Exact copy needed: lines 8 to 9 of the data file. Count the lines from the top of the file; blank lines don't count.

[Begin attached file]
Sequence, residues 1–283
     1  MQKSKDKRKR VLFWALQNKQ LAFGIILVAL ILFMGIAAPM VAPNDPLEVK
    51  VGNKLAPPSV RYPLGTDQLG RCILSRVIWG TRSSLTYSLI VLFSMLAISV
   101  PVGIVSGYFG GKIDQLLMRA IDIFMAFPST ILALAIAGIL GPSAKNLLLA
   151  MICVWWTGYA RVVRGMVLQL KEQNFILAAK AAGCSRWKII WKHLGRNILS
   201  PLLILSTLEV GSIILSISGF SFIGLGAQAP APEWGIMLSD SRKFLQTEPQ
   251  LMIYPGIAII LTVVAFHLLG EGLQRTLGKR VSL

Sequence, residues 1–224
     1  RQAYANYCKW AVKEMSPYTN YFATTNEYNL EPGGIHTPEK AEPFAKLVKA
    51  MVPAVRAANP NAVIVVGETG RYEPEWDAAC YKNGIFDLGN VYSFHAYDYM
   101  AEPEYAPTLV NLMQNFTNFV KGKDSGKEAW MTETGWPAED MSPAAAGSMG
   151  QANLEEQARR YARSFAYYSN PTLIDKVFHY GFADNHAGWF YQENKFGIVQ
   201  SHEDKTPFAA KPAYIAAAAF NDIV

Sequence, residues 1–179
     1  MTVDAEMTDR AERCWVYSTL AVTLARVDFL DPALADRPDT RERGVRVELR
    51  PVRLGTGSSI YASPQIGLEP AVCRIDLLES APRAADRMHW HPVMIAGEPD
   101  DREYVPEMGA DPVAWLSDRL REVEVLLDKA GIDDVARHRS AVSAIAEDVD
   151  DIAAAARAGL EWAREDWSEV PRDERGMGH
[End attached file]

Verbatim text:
Sequence, residues 1–224
     1  RQAYANYCKW AVKEMSPYTN YFATTNEYNL EPGGIHTPEK AEPFAKLVKA